As statistics tell us, there is no denying, the dread Corona virus has found us here in middle America, in our beloved Missouri. The numbers of cases diagnosed and reported are increasing daily. The devastating awareness is sinking in. Lives close to home are being lost. We are no longer removed from the news that has seemed so far away in the urban east and west coast epicenters. We too are vulnerable to this fast spreading pandemic.
Too many family hearts are aching. Family hearts are breaking. I beg you…Please, please stay home! Stay safe! Save lives! Flatten the curve that is touching and taking so many we love, especially our elders, one by one.
As we shelter in place we must do what we can to buoy our spirits, to support each other, to get creative in the communications that connect us.
I had the good fortune to appear as a guest along with three other artCentral artists talking about how we are making, sharing and marketing our art and supporting each other during these challenging times. My artist husband David sat off-screen beside me, holding my hand, keeping me steady as one by one we each spoke of our passions to seek meaning, to create, to find and give pleasure in the midst of uncertainty.
So often what I need and want most is a rock and a ballast, a place to be grounded in these days of shifting sands. David is this for me, and so for our third anniversary, I wrote him a letter that goes…
With love in Paradise...Happy Third Emergency Anniversary, Mon Cher!
Do you remember? That early April afternoon I was working diligently on an artCentral deadline. Our loan officer called. He said, "To qualify for the loan for your new house, you must get married today! You can't wait until May!"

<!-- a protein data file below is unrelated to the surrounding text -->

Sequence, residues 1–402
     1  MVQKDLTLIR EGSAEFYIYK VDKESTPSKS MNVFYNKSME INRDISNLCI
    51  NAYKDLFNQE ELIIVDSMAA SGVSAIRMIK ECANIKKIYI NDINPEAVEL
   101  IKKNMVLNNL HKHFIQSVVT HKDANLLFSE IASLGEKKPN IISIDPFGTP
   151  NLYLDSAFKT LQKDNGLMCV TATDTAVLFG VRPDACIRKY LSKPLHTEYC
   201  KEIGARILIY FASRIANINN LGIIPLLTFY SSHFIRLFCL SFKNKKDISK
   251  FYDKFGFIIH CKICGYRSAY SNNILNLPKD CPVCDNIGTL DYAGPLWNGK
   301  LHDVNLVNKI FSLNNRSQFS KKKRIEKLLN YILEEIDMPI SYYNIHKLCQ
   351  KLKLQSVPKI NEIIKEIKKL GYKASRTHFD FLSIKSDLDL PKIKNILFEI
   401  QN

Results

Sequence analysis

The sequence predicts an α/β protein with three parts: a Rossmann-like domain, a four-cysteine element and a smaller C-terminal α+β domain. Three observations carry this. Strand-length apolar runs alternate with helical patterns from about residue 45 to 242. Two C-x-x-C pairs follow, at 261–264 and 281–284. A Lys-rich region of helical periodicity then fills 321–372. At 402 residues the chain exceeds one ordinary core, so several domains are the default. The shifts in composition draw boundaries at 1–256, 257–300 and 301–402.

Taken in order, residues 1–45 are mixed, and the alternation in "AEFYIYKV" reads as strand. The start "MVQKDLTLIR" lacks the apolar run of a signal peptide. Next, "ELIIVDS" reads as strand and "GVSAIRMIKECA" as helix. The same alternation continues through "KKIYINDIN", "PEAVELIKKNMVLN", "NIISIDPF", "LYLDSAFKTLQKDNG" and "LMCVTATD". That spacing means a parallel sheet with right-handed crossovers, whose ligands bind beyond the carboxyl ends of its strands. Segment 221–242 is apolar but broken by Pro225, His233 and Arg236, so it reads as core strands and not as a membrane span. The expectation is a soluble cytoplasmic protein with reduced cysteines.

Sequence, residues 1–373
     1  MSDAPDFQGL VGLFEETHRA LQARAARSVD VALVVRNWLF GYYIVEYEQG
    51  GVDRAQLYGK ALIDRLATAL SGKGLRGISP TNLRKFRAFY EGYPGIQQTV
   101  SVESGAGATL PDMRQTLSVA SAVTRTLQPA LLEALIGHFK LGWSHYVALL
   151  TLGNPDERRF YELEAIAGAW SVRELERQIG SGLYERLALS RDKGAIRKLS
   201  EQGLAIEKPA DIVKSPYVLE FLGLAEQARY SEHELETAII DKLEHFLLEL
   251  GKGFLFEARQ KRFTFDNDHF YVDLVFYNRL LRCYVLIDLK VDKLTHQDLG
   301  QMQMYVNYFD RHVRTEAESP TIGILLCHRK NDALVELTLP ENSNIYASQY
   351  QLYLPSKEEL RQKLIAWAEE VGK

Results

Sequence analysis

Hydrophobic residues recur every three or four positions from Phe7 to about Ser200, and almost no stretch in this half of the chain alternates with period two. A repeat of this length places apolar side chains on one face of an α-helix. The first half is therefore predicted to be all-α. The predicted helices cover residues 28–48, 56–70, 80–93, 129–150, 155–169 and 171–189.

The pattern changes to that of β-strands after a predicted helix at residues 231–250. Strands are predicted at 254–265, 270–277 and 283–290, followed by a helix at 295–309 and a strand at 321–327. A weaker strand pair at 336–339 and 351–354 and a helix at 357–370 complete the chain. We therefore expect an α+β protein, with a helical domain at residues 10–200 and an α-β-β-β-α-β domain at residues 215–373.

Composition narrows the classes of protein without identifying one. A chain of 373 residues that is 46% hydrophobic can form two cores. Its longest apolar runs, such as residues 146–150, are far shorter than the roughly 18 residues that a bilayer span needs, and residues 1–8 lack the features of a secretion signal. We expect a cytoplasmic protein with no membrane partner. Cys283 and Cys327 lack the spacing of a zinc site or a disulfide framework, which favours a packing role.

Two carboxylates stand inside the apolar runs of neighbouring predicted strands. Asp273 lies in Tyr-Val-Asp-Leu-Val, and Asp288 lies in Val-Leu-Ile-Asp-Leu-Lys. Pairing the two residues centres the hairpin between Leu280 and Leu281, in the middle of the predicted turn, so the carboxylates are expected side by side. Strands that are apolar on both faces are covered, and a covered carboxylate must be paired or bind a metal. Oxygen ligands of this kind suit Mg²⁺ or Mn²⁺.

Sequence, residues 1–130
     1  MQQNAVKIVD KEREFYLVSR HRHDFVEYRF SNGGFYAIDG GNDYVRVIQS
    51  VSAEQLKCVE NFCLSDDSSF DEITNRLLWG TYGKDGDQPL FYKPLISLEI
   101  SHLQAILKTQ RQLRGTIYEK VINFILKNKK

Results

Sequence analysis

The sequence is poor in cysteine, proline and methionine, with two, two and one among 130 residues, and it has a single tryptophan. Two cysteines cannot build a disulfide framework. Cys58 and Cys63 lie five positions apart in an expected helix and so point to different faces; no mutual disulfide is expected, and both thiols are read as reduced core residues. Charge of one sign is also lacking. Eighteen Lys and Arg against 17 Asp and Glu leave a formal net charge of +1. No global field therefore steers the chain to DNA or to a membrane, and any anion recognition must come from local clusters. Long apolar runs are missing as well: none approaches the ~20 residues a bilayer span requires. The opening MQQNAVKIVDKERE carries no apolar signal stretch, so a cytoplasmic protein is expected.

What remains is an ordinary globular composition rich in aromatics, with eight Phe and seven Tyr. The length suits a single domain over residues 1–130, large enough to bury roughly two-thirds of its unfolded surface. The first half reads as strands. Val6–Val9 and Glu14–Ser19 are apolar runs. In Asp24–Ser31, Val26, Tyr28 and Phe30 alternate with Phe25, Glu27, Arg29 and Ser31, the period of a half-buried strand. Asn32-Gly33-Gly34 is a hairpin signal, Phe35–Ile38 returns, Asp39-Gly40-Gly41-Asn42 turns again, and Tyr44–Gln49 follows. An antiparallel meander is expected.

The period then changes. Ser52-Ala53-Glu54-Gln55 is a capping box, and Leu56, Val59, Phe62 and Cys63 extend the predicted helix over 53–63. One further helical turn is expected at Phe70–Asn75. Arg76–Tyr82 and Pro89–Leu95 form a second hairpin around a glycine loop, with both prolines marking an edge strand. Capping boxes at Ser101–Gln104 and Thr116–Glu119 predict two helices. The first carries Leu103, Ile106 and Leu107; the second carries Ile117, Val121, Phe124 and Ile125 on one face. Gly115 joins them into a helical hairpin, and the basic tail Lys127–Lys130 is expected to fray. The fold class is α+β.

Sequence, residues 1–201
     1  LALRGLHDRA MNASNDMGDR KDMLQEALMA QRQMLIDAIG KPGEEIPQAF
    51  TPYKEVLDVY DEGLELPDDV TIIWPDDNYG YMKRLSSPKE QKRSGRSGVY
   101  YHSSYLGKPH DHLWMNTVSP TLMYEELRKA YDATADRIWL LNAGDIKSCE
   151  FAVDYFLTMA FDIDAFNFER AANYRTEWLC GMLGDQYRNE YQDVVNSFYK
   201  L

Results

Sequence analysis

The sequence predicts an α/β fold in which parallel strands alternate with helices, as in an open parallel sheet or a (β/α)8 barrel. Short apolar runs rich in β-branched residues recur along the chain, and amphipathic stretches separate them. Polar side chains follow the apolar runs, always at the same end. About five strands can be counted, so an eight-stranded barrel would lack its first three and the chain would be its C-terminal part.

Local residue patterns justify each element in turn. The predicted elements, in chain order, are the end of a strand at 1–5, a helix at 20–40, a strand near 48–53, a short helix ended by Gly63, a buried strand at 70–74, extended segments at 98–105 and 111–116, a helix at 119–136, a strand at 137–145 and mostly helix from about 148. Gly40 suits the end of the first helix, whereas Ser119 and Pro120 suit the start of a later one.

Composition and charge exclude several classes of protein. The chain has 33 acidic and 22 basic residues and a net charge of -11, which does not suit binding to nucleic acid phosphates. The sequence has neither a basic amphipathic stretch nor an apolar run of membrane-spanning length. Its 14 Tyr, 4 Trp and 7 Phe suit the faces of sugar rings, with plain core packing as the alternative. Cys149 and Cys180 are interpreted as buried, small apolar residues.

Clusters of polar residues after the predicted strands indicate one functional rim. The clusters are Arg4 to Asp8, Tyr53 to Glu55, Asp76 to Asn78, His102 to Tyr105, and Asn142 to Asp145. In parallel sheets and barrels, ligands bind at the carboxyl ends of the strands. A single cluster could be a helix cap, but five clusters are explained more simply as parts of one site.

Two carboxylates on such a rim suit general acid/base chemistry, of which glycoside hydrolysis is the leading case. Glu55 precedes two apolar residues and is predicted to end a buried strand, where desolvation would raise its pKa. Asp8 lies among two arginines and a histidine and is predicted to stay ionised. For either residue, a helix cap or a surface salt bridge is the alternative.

At 4:00 you came home from teaching school. I said, "We must get married today, before the Courthouse closes at 5:00!" You said, "OK!"
We drove to the Recorder's office. We got our license. We asked, "Which room do we go to in the Courthouse to get married?"
The nice clerk told us, "They don’t marry people at the Courthouse anymore. On the table in the hall there are cards from people who perform marriages. Most of them close at 5:00."
Back in the car, David driving with 40 minutes to make the chapel, I called Lora Waring. I said, "We're coming to get you to witness our emergency wedding." She said, "OK!" and was waiting at her door clutching a long stem of her lovingly nurtured alabaster orchids for my bouquet.
David driving again, I next called our real estate agent and good friend, Gail White. As David pulled up to her house she protested, "I'm just stepping out of the shower, and I have a 5:30 showing." David went in and escorted her out as she pulled on the last of her clothes and wrapped a scarf with flair around her neck!
David drove really fast on the curvy back way across Center Creek, up Elm past pastures and down Prosperity Road. We arrived at 4:44 for our wedding.
Jane met us in her quickly donned robe and trainers. We had 16 minutes to get our deed done. We did!
Everyone, but me, marched into the Caboose. I waited. While David sang in his rich baritone "Unchained Melody"—"Oh, my love, my darling, I've hungered for your touch a long, lonely time"—down the chapel aisle I walked.
Reverend Jane said all the right words and pronounced us married, Man and Wife. At 4:59 she signed our marriage certificate. Thanking Jane profusely, we took our witnesses home. We called our loan agent and told him, “We got married!” David made our dinner.
We went to bed happy knowing we were going to begin our new life together in Paradise, the house of our dreams, and we would have our real May wedding in Jan Stukey's big barn.
Please everyone, use this sheltering time to make good memories as best you can, so someday we can remember that together we flattened the curve.
Please stay home! Stay safe! Save lives!